Japan sinks into recession – but there is more to the story than the mainstream narrative would care to admit
Last week (February 15, 2024), the Japanese Cabinet Office released the latest national accounts estimates…
Humans are very habitual. In Japan as elsewhere. It seems that a regular occurrence in Japan is that some career-minded economist comes out and predicts the end. The end can come in various projected forms. Hyperinflation, government bankruptcy, bond markets vaporising before our eyes, accelerating then exploding bond yields, Mount Fuji erupting and covering the plain beneath it with hot lava, etc. In fact, the eruption of Mount Fuji is the only probable event although even that has erupted only 16 times since 781 – the last eruption being 305 years ago. That august publication (not), the Wall Street Journal gave air to the latest fanatic in the article (May 27, 2013) – Tokyo Urged to Undertake Serious Fiscal Reforms. None of the predictions in that article match the chance that Mount Fuji might erupt tomorrow. In fact, none of the predictions have any chance of being realised. And so we wait the next habitual event in the Japanese calendar which will surely come in the form of some hero in a suit from one of the corrupt ratings agencies declaring that Japan’s sovereign credit rating is in danger or has been downgraded. Like a yo-yo, the rating goes up and down when the ratings agencies need a bit of publicity. Does anything happen much in Japan when the ratings change – nought! As with all these habitual breakouts of nonsense, it is as you were Japan. Keep pumping aggregate demand and things will be fine.
Around this time last year (April 13, 2012), the end was predicted by a senior Japanese economist. I considered his (non)-contribution to the debate in this blog – A fiscal collapse is imminent – when? – sometime! – for more discussion on this point.
This was an economist who in 2002 predicted that “the huge fiscal deficits and the government debt, which is building up at an explosive rate, are also extremely serious problems in the Japanese economy”.
Its been a long explosion, hasn’t it. Explosions usually happen pretty quickly. But in the case of the mainstream economic commentators on Japan, we will cut them some slack. After all the same comments were made in the early 1990s when the government was fighting the worst property collapse the nation had faced.
You might recall that the economist who made this prediction (a very prominent person in Japan) constructed an economy which “is comprised of infinitely many representative households, each of which lives forever”, that “the government neither invests nor consumes but uses the fiscal surplus collected from the people to redeem government bonds”. That is the sort of mental chess games that economists play – twiddling ridiculous models to get the results they desire.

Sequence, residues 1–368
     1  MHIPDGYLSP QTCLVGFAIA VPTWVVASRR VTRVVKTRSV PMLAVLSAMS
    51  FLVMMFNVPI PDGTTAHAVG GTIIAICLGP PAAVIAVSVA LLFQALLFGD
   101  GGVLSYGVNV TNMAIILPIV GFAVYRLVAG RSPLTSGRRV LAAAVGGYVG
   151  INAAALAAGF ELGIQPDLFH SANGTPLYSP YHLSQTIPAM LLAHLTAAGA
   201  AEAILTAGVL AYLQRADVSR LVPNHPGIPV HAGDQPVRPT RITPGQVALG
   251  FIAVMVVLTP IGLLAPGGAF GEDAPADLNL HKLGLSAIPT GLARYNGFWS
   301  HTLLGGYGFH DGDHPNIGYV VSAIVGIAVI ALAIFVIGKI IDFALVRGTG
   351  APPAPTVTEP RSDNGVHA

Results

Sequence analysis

Then they issue some press release and “brief” some journalist in the WSJ or other News Limited (or in Australia Fairfax) publication, who then dutifully repeats the press release as if it is news and never once is there are question asked whether any household can live forever!
But then it is a representative household, which tells us that the writer is fudging the aggregation problem and seeking to use optimising results from microeconomics to say something about macroeconomics when they know full well that the path between the two conceptual levels of analysis fails due to the impossibility of aggregation. So choose a “representative” household and assume they are like an actual individual household.
Anyway, this character was predicting a year ago that “prices of Japanese government bonds … will tumble before a fiscal collapse or the government’s default on its debt.”
No signs of that happening yet but be alert!
A year later, the next entrant to the future of horrors enters the starter’s gate and the Wall Street Journal offers full coverage.
It is also reported across the Murdoch empire as if it is a big breaking story. For example, The Australian (New Limited) our national daily chooses to reprint WSJ news on a regular basis – the “spreading-the-propaganda-while-minimising-staff” approach. This afternoon (May 28, 2013) an article appeared – Bank of Japan’s bond yield conundrum.
It told has that “Japan’s government debt market has sparked into life” and that “Alarm bells are ringing”. Has anyone heard them?
We better refresh our memory so we can prepare a disaster plan. Where I live at the moment in Darwin residents are urged to have a “cyclone kit” at the ready – with some food, water, a transistor radio and torches and other things just in case a cyclone hits during the wet season. We didn’t quite get around to putting one together this year but we will next (I suppose).
But here is the history of the Japanese 10-year bond yield since it was first issued on July 5, 1986 to yesterday (May 27, 2013). The daily data (all 10,048 observations) is available from the – Ministry of Finance).